We turn from God when we turn inward

What do you say to someone when all their dreams are about to be realized? 

This is the role that Moses faces as the people prepare to enter the land of Israel.  

In this week’s Torah portion, Moses instructs the Israelites:  “Take care lest you forget the Lord your God and fail to keep His commandments, His rules and His laws, which I enjoin upon you today.” 

Moses expounds that it is when the people are successful, when they have good food, comfortable homes, strong income, that they might forget God and all the miracles and wonders that  God had performed for them in Egypt and in the wilderness. 

Worse yet, the people might begin to think that it was through their hands alone that they achieved all their accomplishments. 

This seems like a logical concern. While in the wilderness, as God fulfilled their every need directly and even supernaturally, it is clear to the people that they owe all that they have to the Divine. Yet once they enter the land and need to plant the seeds, cut the wood, cook the food, lay the roof, it is natural to assume that they would begin to think that all the pleasures they enjoy are the product of their own labor and not, ultimately, from God. 

What is surprising, however, is the part that follows. Moses continues on to say, “If you do forget the Lord your God, and follow other gods to serve them or bow down to them, I warn you this day that you shall certainly perish” (Deuteronomy 8:19). 

Why would the concern be that the people would worship other gods? It makes sense that the people might forget the one God. Even that they would assume that they owe their success to themselves alone. But to turn to alternative gods, especially after all that they had experienced in the wilderness? That seems difficult to imagine. Moses should be worried about the Israelites becoming atheists, but not idolaters. 

Moses continues: “And now, O Israel, what does the Lord your God demand of you? Only this: to revere the Lord your God, to walk only in God’s paths, to love God, and to serve the Lord your God with all your heart and soul, keeping the Lord‘s commandments and laws, which I enjoin upon you today, for your good. … For the Lord your God is God supreme and Lord supreme, the great, the mighty, and the awesome God, who shows no favor and takes no bribe, but upholds the cause of the fatherless and the widow, and befriends the stranger, providing him with food and clothing. You too must befriend the stranger, for you were strangers in the land of Egypt.” (Deuteronomy 10:12-19)

It is unlikely that the people might forget that there is one God. But they might forget what it is that God calls upon them to do.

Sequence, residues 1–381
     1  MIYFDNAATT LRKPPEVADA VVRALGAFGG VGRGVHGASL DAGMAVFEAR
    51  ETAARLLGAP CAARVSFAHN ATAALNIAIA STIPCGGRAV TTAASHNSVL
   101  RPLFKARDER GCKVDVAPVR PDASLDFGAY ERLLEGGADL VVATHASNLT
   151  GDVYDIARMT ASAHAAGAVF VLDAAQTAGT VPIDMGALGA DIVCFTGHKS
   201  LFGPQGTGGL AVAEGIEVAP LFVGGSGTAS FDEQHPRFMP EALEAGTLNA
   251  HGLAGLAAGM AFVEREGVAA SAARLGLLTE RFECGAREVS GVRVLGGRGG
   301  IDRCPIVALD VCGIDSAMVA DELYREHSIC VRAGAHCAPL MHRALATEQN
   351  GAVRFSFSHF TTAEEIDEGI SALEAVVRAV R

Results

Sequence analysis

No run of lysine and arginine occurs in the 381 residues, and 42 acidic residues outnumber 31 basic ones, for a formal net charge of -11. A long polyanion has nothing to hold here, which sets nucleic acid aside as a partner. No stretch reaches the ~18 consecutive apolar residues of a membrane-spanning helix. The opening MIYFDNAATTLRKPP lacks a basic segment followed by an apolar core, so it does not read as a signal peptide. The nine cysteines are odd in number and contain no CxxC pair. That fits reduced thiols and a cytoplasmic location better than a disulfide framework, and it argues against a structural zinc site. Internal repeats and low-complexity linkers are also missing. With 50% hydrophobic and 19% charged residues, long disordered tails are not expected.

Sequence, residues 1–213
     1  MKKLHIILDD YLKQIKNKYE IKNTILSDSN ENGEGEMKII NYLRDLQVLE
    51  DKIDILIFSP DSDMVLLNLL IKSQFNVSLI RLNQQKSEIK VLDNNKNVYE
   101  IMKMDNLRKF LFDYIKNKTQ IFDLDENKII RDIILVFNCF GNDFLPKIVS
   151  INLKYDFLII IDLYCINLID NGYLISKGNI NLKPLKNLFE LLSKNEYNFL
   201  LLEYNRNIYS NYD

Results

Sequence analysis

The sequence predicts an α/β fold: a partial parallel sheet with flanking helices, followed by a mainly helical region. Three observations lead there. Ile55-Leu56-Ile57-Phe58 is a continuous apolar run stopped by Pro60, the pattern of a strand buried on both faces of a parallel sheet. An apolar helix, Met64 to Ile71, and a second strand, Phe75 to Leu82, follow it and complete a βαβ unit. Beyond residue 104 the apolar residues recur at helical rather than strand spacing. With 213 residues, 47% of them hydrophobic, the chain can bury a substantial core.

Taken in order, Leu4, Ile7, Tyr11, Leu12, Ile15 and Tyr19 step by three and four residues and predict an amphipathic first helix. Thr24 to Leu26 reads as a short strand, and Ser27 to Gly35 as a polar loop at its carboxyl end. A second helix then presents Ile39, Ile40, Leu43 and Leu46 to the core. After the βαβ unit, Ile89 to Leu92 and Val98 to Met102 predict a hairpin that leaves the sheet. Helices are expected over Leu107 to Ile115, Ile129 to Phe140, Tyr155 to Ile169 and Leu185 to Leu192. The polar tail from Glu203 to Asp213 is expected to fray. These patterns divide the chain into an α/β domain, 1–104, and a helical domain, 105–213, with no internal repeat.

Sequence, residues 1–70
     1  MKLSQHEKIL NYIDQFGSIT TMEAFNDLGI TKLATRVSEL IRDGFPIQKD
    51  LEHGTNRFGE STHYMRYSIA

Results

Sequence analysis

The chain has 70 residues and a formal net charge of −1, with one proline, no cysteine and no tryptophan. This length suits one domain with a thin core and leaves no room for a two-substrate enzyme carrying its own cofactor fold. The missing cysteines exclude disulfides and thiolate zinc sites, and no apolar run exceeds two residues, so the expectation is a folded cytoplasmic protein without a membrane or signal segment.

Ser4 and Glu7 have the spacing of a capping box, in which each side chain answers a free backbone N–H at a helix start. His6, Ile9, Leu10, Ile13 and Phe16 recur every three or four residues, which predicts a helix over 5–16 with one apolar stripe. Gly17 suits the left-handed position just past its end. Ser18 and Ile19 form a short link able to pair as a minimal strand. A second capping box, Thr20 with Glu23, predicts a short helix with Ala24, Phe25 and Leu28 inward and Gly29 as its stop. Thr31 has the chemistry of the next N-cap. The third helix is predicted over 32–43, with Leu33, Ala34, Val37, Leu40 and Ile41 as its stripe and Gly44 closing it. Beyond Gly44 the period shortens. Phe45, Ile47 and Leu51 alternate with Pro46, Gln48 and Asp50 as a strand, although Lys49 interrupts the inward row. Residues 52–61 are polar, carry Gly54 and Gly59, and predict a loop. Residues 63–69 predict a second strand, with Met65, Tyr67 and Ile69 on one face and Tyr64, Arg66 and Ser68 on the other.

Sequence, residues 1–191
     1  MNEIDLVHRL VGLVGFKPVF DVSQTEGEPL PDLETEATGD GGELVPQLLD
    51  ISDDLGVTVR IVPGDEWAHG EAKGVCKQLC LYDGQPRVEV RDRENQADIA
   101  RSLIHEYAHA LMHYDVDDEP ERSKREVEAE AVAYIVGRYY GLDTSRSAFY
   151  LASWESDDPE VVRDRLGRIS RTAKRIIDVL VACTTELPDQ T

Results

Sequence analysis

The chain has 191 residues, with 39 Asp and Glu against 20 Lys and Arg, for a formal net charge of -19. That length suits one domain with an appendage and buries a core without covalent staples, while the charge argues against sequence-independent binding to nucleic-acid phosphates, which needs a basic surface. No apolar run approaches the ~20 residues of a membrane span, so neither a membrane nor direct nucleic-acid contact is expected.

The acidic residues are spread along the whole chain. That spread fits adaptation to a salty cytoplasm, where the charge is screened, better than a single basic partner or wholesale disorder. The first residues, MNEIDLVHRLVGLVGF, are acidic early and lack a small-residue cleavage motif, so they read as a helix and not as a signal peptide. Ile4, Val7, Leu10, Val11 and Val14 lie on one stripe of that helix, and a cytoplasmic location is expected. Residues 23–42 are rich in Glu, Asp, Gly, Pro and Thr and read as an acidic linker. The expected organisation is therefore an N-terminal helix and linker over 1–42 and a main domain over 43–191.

It is when we become comfortable in our lives and pleased with all that we have, that we think that it is ours to control, to keep,  and we store away our extra food, we pack away our extra clothes, and we attend services and worship a God who did not command us no less than a dozen times that we must uphold the cause of the stranger, the widow and the orphan. 

Although Moses issues this warning to the people before they enter the land of Israel, this warning is no less applicable to us today and, in fact, may be even more necessary for us to remember today.  

As the Kli Yakar, Shlomo Ephraim Luntschitz, the 16th-century commentator from Prague, wrote: “You, too, must befriend the stranger, for you were strangers in the land of Egypt. Because anyone who was never a stranger in his life cannot feel the pain of the stranger and does not suffer over the life of the stranger. But anyone who himself has been a stranger knows the pain of the stranger, and anything which is hateful to him he would never do to his friend.” (Kli Yakar on Genesis 47:21)

We in the Jewish community know what it means to be strangers. We know what it means to suffer and to be persecuted. And we know what it means to fear. 

The challenge for us as we enjoy the benefits of our modern day successes, and the results of thousands of years of seeking and hoping and striving, is whether we utilize our advantages to help others, as God so often commanded, or rather to hoard our power for our own use. 

Because it is in prioritizing our own needs over those of others that we turn away from God, as Moses warned, and choose instead to worship ourselves.

Maharat Rori Picker Neiss is executive director of the Jewish Community Relations Council of St. Louis and a member of the St. Louis Rabbinical and Cantorial Association, which coordinates the d’var Torah for the Light.